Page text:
JOHANNESBURG (miningweekly.com) – A platinum Mandela coin should be minted and marketed and platinum-catalysed fuel cells used to power off-grid areas, Mineral Resources Minister Gwede Mantashe said on Wednesday.
In his opening speech to the well-attended Joburg Indaba, Mantashe, who is seven months into the job, said he had inherited a mining industry that was not on speaking terms.
“We have now re-established relations and we’re talking to one another. We fought, we hugged, we embraced,” he told the 500 attendees.
Mantashe, who was last year inducted into the Joburg Indaba’s Hall of Fame, said, in reference to his gazetting of Mining Charter 3, that mining should not a be a sector of charters, but a sector able to contribute significantly to the gross domestic product of the South African economy.
“If mining contributes a bigger chunk, we will go beyond 3% growth,” he predicted about what he described as a sunrise industry.
The Minister lamented the downfall of gold mining, which he said must be made to grow again.
He pointed out that the new charter made provision for mineworkers, because of their crucial role in converting mining investment into wealth, and communities.
“Workers put their life on the line and they must have a stake and we settled that,” Mantashe said at the event being covered by Mining Weekly Online.
Regarding communities, he said the industry should accept that it was in their interests to work with communities.
“We are going to coexist peacefully and have the mining industry booming,” he predicted.
He urged the industry to generate wealth and to make profits and cautioned stakeholders that disrupting mining meant disrupting benefits and economic growth.
He held up Johannesburg as an example of a great product of mining and pointed to the fastest subsequent economic growth points as being the mining towns of Rustenburg and Burgersfort.
On the recent disruption of meetings on the development of the Xolobeni mineral sands project, in the Eastern Cape, he urged the people of the area to be cognisant of the need to make the area a better place, using every possible element of economic development, including mining and he urged the mining industry to be sufficiently humble to know that it must coexist with others.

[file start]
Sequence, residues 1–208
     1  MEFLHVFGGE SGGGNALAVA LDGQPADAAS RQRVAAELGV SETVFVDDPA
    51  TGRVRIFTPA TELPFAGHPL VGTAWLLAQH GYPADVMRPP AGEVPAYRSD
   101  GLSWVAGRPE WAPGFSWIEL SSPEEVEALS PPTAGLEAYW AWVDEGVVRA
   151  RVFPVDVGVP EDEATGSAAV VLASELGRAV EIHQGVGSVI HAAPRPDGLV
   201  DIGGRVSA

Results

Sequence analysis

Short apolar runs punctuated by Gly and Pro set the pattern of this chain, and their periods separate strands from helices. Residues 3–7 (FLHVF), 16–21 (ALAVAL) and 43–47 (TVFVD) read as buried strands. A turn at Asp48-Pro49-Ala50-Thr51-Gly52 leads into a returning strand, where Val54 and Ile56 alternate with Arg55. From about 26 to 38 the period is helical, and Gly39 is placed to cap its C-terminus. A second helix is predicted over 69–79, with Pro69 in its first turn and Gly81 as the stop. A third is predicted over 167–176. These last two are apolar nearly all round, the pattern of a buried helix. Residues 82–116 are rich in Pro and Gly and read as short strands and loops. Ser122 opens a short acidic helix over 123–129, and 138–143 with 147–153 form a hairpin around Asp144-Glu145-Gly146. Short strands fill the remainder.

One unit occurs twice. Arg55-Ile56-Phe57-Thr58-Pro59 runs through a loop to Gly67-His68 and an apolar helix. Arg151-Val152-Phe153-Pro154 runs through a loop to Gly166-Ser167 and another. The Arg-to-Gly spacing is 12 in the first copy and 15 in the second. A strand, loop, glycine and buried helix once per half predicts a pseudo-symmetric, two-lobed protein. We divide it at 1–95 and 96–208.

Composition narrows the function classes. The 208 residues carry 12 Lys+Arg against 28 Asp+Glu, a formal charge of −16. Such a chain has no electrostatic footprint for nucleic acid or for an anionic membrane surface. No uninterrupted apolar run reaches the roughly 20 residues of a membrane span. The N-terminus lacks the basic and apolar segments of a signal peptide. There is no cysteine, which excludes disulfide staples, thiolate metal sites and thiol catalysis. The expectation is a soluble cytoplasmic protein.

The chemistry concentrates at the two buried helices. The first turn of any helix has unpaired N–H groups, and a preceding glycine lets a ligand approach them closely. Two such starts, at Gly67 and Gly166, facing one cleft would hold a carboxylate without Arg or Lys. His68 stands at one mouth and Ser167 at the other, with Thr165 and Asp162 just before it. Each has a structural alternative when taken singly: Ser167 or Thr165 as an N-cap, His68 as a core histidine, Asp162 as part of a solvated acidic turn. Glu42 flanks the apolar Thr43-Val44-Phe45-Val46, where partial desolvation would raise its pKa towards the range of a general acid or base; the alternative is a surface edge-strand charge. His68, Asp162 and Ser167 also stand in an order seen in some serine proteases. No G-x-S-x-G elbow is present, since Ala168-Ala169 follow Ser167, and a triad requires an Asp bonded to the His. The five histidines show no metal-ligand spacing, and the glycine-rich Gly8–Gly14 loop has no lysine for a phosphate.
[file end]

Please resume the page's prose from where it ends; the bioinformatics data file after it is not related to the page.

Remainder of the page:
He expressed concern about the wide swings in mining volatility and called for the industry to be more predictable from a production point of view.
The industry needed to work on the growth potential of all commodities and ensure that all classes of mines were afforded the same respect.
Contribution, not size, should be the determining factor and attention should be given to the potential contribution from commodities with a lower profile.
He was very strong on the need to create greater development for platinum: "We must develop demand for platinum. We must develop the Mandela coin and every person in mining must buy that coin,” he said to great applause.
“We must market the fuel cell and we must use it to take energy across the country,” he urged to more applause.
“It’s a responsibility for us as a country to create demand for platinum. Let’s look into growth potential and investment potential and give young people opportunities,” Mantashe said.
He also urged the industry to talk about itself in a manner that no longer destroyed the industry’s own value.
“If we can change our narrative as the industry, our rating as an industry will change internationally. We must be attractive to investment,” he reiterated, pointing to South African mining succeeding in presenting a constructive picture at last month’s Africa Down Under conference, in Perth.
“Let’s build this industry,” he urged.
On the creation of a sovereign growth fund, he said: “You can’t milk a cow when it’s on its knees but when I ask you to create a sovereign growth fund for what is a sunrise industry, please also listen to me.”
Technology would require minerals and metals and the country should position itself for the Fourth Industrial Revolution.
He urged mining to modernise its management systems and said a modern mining industry is a better mining industry.
Joburg Indaba chairperson Bernard Swanepoel, hosting the event’s sixth year with a 'new dawn’ theme, pointed to the negative impact on economic growth of high electricity prices and calculated that electricity tariffs would likely still be at acceptable levels if the Eskom crisis had not taken place.
Swanepoel said the unhealthy state of flux of the State-owned enterprises was holding back economic growth.
He urged business and labour to begin talking about 25 years into the future rather than allowing their exchanges to be dominated by short-term issues.
Swanepoel warned of the lack of mineral exploration and urged that more encouragement be given to exploration of this country’s mineral endowment.
Sixty-five speakers will be addressing more than 500 attendees at the Joburg Indaba, where mining luminary Dr Con Fauconnier is this year’s sole Hall of Fame inductee.